April Book Review – Mrs. Bishop

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I’m teaming up with my good friend over at The Mama Bomb.Com to do book reviews each month. We’re each doing different reviews, and can’t wait to share our love of reading with you! She’s reviewing The Girl on the Train, a new mystery that has been on everyone’s to-read list.

Welcome to my very first Monthly Book Review! This month’s pick was Z: A Novel of Zelda Fitzgerald by Therese Anne Fowler. It’s a story based on the life of Zelda Fitzgerald, F. Scott Fitzgerald’s wife. This is a Historical Fiction, based on facts. So, the people are real and some of the situations, letters, etc are real, but all of the rest is left up to the author’s imagination.

Here’s the synopsis from the book:

“When beautiful, reckless Southern belle Zelda Sayre meets F. Scott Fitzgerald at a country club dance in 1918, she is seventeen years old and he is a young army lieutenant stationed in Alabama. Before long, the “ungettable” Zelda has fallen for him despite his unsuitability: Scott isn’t wealthy or prominent or even a Southerner, and keeps insisting, absurdly, that his writing will bring him both fortune and fame. Her father is deeply unimpressed. But after Scott sells his first novel, This Side of Paradise, to Scribner’s, Zelda optimistically boards a train north, to marry him in the vestry of St. Patrick’s Cathedral and take the rest as it comes.

What comes, here at the dawn of the Jazz Age, is unimagined attention and success and celebrity that will make Scott and Zelda legends in their own time. Everyone wants to meet the dashing young author of the scandalous novel—and his witty, perhaps even more scandalous wife. Zelda bobs her hair, adopts daring new fashions, and revels in this wild new world. Each place they go becomes a playground: New York City, Long Island, Hollywood, Paris, and the French Riviera—where they join the endless party of the glamorous, sometimes doomed Lost Generation that includes Ernest Hemingway, Sara and Gerald Murphy, and Gertrude Stein.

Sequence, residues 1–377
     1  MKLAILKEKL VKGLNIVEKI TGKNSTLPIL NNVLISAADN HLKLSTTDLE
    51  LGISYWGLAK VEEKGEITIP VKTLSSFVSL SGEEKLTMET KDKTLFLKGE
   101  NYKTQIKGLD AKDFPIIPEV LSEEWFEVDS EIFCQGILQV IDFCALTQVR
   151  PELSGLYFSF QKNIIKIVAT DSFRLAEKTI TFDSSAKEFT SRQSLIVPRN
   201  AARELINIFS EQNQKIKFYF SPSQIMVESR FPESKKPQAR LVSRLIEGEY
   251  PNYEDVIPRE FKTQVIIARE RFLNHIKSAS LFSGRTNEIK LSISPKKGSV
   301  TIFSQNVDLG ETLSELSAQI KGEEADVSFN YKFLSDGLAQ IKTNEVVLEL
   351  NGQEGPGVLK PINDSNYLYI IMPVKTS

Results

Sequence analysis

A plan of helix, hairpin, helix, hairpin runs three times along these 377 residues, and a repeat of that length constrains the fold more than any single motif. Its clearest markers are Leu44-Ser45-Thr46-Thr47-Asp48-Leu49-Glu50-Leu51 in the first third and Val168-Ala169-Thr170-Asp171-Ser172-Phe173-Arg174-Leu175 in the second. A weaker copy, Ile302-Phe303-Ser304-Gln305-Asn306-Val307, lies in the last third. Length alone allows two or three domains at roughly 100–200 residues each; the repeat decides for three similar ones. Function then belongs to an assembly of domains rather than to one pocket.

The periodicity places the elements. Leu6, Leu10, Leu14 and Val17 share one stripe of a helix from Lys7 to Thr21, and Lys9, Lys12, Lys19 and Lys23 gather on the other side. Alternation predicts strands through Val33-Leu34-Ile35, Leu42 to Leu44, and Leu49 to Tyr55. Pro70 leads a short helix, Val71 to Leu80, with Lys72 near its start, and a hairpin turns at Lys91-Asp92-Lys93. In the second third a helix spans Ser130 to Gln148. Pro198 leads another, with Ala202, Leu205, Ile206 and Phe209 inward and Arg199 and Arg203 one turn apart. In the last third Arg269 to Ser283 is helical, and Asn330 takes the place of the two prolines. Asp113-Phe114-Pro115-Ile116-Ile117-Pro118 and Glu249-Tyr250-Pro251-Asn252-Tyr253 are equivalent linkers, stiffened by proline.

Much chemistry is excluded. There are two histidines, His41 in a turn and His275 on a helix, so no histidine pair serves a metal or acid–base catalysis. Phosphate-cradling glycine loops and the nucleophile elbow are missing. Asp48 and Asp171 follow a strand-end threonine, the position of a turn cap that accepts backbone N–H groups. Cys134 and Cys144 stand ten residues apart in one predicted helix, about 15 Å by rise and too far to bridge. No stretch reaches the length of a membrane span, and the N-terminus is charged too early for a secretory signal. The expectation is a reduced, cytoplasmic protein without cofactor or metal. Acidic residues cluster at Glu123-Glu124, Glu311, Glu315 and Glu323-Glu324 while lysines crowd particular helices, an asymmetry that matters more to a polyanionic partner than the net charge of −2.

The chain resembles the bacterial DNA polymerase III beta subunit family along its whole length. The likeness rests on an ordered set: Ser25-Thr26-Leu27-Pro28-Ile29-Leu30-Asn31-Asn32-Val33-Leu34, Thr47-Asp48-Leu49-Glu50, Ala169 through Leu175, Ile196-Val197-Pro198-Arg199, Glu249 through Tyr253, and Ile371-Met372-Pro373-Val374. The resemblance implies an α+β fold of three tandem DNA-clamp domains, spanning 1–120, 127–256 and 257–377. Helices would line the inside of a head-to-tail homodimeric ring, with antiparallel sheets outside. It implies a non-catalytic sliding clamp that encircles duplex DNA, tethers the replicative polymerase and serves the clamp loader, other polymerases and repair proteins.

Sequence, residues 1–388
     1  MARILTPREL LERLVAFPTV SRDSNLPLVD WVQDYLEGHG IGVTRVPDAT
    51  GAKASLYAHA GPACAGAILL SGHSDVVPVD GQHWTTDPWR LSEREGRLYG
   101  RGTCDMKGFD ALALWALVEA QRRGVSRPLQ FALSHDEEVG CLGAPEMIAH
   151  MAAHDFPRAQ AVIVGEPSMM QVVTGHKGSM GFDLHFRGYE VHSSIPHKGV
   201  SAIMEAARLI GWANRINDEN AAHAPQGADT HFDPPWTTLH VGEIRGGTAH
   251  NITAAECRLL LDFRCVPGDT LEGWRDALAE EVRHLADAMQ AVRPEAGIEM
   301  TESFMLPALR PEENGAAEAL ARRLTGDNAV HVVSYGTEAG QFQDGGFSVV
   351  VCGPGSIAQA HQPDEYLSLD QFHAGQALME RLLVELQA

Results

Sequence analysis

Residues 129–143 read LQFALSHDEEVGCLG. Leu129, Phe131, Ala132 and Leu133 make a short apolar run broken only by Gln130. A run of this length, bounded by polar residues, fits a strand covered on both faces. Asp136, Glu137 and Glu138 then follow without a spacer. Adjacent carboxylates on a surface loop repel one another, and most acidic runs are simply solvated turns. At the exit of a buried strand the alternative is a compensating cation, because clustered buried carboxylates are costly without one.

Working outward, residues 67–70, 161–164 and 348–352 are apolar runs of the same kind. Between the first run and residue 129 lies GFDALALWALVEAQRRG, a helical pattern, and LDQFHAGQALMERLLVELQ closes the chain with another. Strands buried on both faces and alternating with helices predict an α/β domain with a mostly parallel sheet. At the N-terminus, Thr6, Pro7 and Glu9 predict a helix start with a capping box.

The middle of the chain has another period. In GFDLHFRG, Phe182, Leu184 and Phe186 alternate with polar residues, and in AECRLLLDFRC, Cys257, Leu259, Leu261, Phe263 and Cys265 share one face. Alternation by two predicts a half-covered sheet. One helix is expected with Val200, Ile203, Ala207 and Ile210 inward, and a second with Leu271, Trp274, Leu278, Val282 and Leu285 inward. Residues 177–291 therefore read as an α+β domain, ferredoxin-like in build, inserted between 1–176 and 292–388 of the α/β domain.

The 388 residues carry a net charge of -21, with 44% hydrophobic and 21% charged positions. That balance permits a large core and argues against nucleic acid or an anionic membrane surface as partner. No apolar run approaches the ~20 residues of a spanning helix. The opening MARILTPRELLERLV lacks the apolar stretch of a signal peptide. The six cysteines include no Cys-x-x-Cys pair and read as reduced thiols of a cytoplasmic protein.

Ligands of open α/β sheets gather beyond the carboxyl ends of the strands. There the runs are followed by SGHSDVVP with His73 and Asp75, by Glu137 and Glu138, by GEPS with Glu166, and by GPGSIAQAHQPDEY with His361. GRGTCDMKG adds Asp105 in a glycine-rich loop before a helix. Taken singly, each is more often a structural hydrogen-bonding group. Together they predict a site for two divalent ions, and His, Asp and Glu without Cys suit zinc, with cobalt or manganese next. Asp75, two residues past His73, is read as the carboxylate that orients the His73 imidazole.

Everything seems new and possible. Troubles, at first, seem to fade like morning mist. But not even Jay Gatsby’s parties go on forever. Who is Zelda, other than the wife of a famous—sometimes infamous—husband? How can she forge her own identity while fighting her demons and Scott’s, too? With brilliant insight and imagination, Therese Anne Fowler brings us Zelda’s irresistible story as she herself might have told it.”

I have been falling in love with this type of book, ever since I read The Paris Wife. I have never been a huge historical fiction fan, but I’m getting more and more interested in them. This book definitely stayed true to the time of when it is based. The cast of characters also seem very much like their actual selves. I don’t know too much about the Fitzgerald’s in real life, but you don’t really have to. It makes you want to learn more, and isn’t that really the purpose? To maybe see a peek into the lives of person’s that actually lived, and get an urge to find out more.I loved the way the author wrote Zelda. A fiery, passionate young girl. One who marries and is thrown into the wild and crazy life of a partying literary hopeful. You get to see a sample of what it might have been like to travel to Paris and party with the wannabe famous. I love it!Some people complain that the book isn’t really what they subjects were like, but remember- fiction! I love that the author took some facts and wrote her own story. It makes it much more exciting than reading a boring, straight to the point, factual telling.I do think there were some long, drawn out parts. And, a few things that would only make more sense if I knew more facts about the actual subjects. But, I didn’t find too much to complain about. I’ll just have to read some more of Fitzgerald’s actual works to find out more.

I would definitely recommend this book to those that enjoyed The Paris Wife, or any other type of historical fiction set in the jazz era. Broaden your horizons and take a step back in time. Imagine yourself the lonely wife of an aspiring author in an ever-changing time in history. Go back to a time when dancing all night and sleeping all day was perfectly acceptable. And working was apparently optional.

Now I’m off to dig up an old copy of Gatsby

Let me know what you thought about this book. Love it or hate it? Any recommendations for books to review? I’d love to hear your thoughts!


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